The changes that led to this lack of space, as well as changes to the institutionalization process, have made it impossible for people with severe mental illness to find appropriate care and shelter, resulting in homelessness or “housing” in the criminal justice system’s jails and prisons . The percentage of people with severe mental illness in prisons and jails is generally estimated to be 16 percent of the total population . Given that the population in U.S. prisons and jails totaled 2,361,123 in 2010 , it would appear that nearly 378,000 incarcerated persons have severe mental illness .
How Did We Get Here?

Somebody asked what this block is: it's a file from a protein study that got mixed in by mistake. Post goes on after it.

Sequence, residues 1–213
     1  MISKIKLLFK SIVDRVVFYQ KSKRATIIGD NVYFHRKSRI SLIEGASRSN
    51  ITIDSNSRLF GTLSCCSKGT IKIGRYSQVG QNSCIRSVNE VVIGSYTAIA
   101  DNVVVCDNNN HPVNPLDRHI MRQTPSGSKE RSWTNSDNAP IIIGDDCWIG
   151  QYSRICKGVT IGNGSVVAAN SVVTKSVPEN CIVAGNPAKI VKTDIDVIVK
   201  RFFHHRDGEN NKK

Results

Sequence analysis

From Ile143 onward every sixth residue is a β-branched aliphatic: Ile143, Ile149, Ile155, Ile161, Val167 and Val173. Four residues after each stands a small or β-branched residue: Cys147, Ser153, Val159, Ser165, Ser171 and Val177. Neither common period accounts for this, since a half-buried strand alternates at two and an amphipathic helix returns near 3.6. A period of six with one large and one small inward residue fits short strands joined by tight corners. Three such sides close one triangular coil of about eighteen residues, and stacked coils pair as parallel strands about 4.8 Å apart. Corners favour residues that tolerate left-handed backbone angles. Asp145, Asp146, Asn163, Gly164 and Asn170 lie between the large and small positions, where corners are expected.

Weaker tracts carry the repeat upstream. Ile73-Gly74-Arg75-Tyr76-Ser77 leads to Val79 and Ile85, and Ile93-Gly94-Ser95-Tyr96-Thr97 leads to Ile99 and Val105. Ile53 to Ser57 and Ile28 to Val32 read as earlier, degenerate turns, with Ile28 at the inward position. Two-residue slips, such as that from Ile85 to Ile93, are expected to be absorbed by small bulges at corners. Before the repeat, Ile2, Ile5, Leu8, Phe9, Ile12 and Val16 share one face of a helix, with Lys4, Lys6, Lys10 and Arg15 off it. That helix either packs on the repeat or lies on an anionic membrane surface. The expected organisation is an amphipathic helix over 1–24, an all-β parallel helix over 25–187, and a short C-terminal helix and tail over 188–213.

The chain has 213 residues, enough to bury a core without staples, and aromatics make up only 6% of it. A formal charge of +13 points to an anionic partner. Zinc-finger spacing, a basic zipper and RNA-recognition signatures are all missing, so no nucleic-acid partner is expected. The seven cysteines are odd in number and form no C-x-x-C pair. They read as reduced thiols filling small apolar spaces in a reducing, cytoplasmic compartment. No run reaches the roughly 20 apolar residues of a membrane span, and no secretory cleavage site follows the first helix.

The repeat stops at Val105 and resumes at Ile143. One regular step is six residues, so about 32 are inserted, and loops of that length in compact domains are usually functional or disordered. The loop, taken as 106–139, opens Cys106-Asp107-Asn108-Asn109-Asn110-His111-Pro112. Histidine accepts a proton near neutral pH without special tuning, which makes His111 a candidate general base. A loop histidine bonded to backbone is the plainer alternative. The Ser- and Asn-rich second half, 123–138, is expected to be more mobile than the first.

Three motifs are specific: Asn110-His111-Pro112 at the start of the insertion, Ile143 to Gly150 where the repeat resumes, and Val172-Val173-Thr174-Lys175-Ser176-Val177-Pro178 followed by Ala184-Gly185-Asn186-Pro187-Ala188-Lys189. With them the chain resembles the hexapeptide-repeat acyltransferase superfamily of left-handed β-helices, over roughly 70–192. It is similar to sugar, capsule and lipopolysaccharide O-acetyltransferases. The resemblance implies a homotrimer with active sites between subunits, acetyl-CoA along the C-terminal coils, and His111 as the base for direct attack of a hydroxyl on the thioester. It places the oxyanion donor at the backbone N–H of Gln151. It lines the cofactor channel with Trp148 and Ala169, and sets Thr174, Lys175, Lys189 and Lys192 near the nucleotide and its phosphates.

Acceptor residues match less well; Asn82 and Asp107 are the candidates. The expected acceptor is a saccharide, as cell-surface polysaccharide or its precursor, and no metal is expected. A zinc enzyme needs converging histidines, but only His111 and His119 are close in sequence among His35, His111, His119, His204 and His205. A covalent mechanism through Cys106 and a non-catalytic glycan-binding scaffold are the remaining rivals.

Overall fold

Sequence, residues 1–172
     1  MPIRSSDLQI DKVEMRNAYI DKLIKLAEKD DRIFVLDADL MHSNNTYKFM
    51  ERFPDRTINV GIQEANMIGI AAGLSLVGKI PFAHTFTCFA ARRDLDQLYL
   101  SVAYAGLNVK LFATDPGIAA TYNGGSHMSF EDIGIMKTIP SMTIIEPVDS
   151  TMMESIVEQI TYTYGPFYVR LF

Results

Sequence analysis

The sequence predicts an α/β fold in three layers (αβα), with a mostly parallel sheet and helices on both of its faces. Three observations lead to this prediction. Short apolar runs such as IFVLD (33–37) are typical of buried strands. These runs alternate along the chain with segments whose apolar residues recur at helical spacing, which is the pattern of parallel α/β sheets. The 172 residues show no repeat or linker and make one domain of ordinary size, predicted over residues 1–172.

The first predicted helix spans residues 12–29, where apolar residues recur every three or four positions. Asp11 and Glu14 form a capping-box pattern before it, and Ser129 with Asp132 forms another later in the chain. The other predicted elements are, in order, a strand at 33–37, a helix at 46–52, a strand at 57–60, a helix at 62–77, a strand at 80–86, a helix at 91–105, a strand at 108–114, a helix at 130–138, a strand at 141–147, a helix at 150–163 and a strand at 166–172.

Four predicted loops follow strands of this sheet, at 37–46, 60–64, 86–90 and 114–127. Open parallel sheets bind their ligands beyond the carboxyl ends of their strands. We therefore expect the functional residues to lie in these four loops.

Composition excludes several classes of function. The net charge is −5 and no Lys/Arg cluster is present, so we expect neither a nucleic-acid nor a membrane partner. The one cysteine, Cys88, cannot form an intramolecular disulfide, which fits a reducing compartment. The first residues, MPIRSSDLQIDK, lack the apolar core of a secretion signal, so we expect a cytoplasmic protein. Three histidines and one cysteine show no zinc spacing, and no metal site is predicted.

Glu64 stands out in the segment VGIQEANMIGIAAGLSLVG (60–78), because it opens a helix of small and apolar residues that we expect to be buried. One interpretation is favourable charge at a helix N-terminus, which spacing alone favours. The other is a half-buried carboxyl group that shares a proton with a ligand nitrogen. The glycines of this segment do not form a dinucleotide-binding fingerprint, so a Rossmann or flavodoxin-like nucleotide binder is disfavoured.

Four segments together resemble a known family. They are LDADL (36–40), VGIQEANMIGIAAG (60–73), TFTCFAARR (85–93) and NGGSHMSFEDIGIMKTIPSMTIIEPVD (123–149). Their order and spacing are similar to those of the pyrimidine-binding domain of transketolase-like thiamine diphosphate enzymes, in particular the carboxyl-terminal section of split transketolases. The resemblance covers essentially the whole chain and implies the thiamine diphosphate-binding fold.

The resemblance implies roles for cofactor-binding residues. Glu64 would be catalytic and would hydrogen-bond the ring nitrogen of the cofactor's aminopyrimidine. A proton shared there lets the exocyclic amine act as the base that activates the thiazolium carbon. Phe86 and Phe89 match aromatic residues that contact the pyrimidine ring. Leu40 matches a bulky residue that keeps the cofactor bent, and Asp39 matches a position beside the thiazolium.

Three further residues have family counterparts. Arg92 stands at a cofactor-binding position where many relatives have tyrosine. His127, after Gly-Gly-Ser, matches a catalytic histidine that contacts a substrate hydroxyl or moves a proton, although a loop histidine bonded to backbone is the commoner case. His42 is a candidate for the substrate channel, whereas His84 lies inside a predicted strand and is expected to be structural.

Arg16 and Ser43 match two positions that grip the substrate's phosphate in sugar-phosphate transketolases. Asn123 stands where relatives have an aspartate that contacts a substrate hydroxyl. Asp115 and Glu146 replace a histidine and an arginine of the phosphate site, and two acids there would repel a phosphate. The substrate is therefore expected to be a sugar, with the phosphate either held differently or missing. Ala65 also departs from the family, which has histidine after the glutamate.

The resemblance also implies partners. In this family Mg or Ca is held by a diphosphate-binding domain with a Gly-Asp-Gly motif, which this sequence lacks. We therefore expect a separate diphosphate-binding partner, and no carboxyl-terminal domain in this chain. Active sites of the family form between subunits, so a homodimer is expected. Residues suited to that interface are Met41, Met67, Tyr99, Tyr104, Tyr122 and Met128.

Deinstitutionalization as a policy for state hospitals began in the period of the civil rights movement when many groups were being incorporated into mainstream society. Three forces drove the movement of people with severe mental illness from hospitals into the community: the belief that mental hospitals were cruel and inhumane; the hope that new antipsychotic medications offered a cure; and the desire to save money . It has not worked out as well as expected on any of the three fronts. People with severe mental illness can still be found in deplorable environments, medications have not successfully improved function in all patients even when they improve symptoms, and the institutional closings have deluged underfunded community services with new populations they were ill-equipped to handle.